The number of residential housing transactions has increased rapidly in the past 20 years, propelled by rising property prices, according to fresh analysis from Private Finance.
The mortgage broker found that in 1999 there were 1,254 transactions for residential properties valued at £1 million and above. By 2018 this had increased more than twelve-fold to 15,445.
The number of transactions for residential properties valued at £5 million-plus, meanwhile, increased at an even greater pace over the same period – up from just 22 to 323.
This comes despite the annual volume of all residential housing transactions across England and Wales falling from 1,194,025 in 1999 to less than 868,886 in 2018.
Prime market growth holds steady in the past five years
Despite rumours of a prime market slowdown, Private Finance’s analysis suggests an overall trend of growth over the past five years, with increases in the number of £1 million-plus property transactions every year except 2018.
Sales in the £5 million-plus bracket have been more volatile but have held above 320 for the past five years.
The graph below shows the annual volume of residential housing transactions between 2014-2018:
Average UK house prices up by 189% since 1999
Private Finance says the rapid growth in prime property transactions over the past 20 years is largely due to increasing house prices over this period.
The average UK house price was just £80,443 in 1999, compared to £232,710 in July 2019 – a 189% increase in nominal terms.
Interestingly, the top five most expensive areas in the UK have remained broadly unchanged, with Kensington and Chelsea retaining the top spot in both 1999 and 2019, though average house prices for each area have undergone significant changes.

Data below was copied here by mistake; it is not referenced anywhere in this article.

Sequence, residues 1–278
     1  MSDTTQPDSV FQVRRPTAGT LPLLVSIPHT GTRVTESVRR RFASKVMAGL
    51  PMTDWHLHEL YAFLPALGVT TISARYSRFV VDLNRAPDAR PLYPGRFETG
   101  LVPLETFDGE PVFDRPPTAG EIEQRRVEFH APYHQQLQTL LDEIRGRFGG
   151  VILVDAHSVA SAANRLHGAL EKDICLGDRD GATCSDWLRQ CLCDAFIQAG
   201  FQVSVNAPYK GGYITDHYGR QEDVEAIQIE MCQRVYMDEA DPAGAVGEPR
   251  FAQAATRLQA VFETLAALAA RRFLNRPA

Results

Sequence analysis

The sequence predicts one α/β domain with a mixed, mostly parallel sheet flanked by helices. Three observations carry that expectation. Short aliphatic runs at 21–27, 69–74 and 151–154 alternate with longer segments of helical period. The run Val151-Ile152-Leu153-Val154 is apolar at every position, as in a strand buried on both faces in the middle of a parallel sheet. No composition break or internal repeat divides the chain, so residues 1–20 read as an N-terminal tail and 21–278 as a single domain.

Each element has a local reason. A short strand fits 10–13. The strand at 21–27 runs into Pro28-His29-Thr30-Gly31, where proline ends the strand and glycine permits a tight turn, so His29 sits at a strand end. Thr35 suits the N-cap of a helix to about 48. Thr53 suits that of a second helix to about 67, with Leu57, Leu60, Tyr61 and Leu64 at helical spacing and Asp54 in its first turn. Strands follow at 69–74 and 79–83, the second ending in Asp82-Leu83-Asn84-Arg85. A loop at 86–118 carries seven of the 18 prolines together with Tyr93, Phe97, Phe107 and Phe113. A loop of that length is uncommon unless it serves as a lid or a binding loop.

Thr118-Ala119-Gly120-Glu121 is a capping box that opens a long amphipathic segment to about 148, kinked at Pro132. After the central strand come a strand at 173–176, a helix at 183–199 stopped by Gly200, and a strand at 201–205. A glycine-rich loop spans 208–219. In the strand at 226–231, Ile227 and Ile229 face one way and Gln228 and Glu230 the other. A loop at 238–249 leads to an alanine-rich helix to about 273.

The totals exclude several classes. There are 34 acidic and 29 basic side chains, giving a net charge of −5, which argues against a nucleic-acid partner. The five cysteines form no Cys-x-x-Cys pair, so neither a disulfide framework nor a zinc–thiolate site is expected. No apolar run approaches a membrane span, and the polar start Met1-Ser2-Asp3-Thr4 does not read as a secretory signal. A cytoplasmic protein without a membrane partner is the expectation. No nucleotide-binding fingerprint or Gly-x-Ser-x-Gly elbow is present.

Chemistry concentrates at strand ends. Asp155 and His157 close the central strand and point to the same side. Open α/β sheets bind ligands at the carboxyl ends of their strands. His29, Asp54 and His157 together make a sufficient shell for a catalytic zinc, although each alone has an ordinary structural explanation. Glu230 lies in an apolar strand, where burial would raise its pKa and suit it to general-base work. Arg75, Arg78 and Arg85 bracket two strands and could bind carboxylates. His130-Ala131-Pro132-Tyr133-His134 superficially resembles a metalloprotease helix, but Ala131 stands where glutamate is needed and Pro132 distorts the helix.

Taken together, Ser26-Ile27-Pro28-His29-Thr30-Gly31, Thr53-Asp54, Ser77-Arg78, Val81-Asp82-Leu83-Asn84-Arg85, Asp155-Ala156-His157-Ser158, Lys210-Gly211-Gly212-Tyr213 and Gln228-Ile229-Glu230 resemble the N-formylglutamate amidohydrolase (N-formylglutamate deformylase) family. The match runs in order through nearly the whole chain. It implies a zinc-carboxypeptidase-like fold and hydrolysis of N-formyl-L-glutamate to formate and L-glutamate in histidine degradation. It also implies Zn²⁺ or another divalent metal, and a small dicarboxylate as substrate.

In Kensington and Chelsea, for example, the average house price has risen from £309,698 to £1,295,861 – a percentage increase of 318%.
Mortgage rates plummet as borrowers benefit from low-interest environment
Though the UK property market has become undoubtedly more expensive in the past two decades, average mortgage rates have become far more affordable.
For instance, the average two-year fixed rate at 75% loan-to-value (LTV) in 1999 was 6.19%. This rate is now as low as 1.64%. Similarly, a five-year fixed deal at 75% is now just 1.92%, compared to 6.64% in 1999.
This makes servicing a prime property mortgage more viable. A homebuyer purchasing a £1 million home with a 25% deposit would pay £4,920 per month if on a two-year fixed mortgage deal in 1999. Today, the same monthly payment would fall to £3,049 – a saving of almost £2,000, according to the broker.
“The housing market has undergone a radical transformation, with average house prices in particular almost unrecognisable,” Simon Checkley, managing director of Private Finance, comments.
“Transactions of houses in higher price brackets have soared in accordance with rising prices, creating a much bigger and more complex prime market.”
He adds: “Though activity in the housing market this year has been subdued, the prime market remains supported by years of consistent growth. Less activity is to be expected given the ongoing political and economic uncertainty affecting the country, which has impacted the number of prime transactions in the capital in particular.”
However, Checkley says once Brexit has reached its conclusion, we may see ‘a rush of pent-up demand as the spectre of uncertainty is at least somewhat removed’. UK prime property will continue to be an attractive prospect for overseas buyers, and domestic buyers will be looking to get their property plans back on track.
“Independent mortgage advice is vital for prime buyers who often have complex income structures and, with such high values of stake, could skim thousands of pounds off their monthly repayments by selecting a competitive deal,” he concludes.